Like I said, a fallacy.
It gets committed in two ways: Galtonian and Plotinian. That is, bottom-up, and top-down.
Galtonian Weak Normative Panglossianism
I’m thinking of Galtonian composite photography. I don’t want to say that this New York Magazine article on Iowa caucus voters commits it, but it invites it (down to the photographs.) Basically, to see what conservatism is, you just overlay all these folks and … see what you can see. What distinctive face, or faces, seem to emerge, or predominate, or whatever? That’s what conservatism is. (For now, anyway.) This might be done a couple different ways. For example, you might want to subtract all the pure transactional politics, and pure tribalism, before performing the experimental overlay. (Yes, how could you possibly do that? Indeed.)
Plotinian Weak Normative Panglossianism
Sticking with the New York Magazine article, you may read all this stuff and think of these voters as, qua conservatism, ‘less real’ than, say, prominent pundits/talk radio jocks, who are themselves emanations from think tanks/organizations/groups/movements, which are emanations from Reagan, who was an emanation from the Platonic fountainhead of Conservatism Itself.
I kid, because I don’t think anyone seriously thinks of themselves as thinking this way. (And I don’t think it’s a very sound way to think.) But here is T.S. Eliot, on political parties, sort of thinking this way. (Our Corey quotes this bit at the start of Reactionary Mind, be it noted.)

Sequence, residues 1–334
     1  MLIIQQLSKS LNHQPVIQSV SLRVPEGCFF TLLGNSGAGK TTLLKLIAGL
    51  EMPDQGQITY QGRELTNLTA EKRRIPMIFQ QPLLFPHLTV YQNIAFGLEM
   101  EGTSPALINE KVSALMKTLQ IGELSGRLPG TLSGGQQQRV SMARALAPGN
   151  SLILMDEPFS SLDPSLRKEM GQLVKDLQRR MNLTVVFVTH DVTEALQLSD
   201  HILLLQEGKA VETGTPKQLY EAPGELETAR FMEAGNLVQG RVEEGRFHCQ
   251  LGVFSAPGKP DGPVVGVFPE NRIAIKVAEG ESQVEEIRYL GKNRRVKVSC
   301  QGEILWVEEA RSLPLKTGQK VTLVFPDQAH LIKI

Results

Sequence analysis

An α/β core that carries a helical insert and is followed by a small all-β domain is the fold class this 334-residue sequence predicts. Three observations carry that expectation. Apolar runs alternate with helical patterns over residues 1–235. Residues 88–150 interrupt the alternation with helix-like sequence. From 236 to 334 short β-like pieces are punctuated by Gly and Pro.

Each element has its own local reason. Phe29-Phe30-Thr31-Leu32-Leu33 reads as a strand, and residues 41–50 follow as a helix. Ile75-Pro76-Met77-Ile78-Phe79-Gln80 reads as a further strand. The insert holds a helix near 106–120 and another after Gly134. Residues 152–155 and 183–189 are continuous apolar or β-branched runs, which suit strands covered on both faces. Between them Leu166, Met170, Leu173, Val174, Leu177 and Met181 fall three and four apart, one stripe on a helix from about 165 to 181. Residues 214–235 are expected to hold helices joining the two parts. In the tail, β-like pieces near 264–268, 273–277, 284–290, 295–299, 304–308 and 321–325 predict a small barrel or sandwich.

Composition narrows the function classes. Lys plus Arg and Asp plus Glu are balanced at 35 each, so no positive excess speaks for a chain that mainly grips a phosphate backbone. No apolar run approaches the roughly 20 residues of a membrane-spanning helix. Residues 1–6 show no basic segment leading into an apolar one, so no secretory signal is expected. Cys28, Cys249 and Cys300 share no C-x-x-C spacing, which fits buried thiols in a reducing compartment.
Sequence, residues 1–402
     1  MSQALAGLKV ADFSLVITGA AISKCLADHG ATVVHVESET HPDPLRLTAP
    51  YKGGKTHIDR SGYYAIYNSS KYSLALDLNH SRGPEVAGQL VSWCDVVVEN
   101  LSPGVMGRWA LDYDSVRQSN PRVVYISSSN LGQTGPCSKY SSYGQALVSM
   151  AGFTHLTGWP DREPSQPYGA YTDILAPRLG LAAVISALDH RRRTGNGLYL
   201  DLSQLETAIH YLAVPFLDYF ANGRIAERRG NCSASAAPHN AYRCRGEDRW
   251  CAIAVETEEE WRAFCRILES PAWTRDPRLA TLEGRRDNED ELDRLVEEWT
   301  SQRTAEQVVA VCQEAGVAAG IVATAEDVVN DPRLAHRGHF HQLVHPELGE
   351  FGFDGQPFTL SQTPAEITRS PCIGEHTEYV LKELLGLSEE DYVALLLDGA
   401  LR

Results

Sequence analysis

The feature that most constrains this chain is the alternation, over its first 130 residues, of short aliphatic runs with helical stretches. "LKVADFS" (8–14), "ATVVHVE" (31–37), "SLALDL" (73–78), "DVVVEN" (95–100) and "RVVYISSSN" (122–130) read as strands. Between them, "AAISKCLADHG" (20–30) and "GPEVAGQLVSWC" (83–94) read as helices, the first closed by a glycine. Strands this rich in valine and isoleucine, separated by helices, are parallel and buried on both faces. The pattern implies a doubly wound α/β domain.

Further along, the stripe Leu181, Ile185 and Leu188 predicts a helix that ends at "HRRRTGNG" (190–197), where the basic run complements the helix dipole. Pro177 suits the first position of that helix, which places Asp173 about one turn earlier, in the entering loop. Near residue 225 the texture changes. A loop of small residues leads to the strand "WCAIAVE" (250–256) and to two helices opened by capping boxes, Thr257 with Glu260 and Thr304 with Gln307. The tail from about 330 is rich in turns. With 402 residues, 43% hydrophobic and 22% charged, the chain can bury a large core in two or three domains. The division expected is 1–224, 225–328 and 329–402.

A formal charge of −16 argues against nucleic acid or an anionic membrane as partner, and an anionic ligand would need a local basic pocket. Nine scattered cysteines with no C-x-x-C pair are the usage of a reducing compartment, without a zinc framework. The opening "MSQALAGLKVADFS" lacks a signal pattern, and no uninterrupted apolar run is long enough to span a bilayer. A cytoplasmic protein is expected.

What its [a great party’s] fundamental tenets are, will probably be found only be careful examination of its behavior throughout its history and by examination of what its more thoughtful and philosophical minds have said on its behalf; and only accurate historical knowledge and judicious analysis will be able to discriminate between the permanent and the transitory; between those doctrines and principles which it must ever, and in all circumstances, maintain, or manifest itself a fraud, and those called forth by special circumstances, which are only intelligible and justifiable in light of those circumstances.
This is Plotinian in my sense. There is some ideal Form of the Political Ideal up there, and this thing – the Party – is an emanation from it. The party descends down from it, tries to rise up to it. The party gets ‘realer’, i.e. less manifest as fraud, the closer to its philosophical origin it gets. Eliot didn’t always and only think about politics this way, not even in this essay. But it’s easy to see how, thinking this way, you can feel you are getting a real handle on the real by focusing on the ideal. You are getting out in front of events, seeing what they aim at, at their most ‘real’, even if they never get there.
When it comes to committing the fallacy, people tend to be Plotinian about their own Party, Galtonian about the opposition (just as Galton was at first inspired to study criminals and other ‘defectives’.) But not invariably.
The Plotinian view might seem more elitist, but you can have Plotinian populism. And Galtonian elitism. (I’m looking at your General Will, Rousseau! At least I think I am. Chris Bertram? What am I looking at here? You are the Rousseau expert, not me.)
Trump is not a conservative on the Plotinian view, probably. But he probably is, on the Galtonian.
And the whole thing is a fallacy anyway, either way.
Just thought I’d mention it, while we wait for the Iowa caucus results to come in.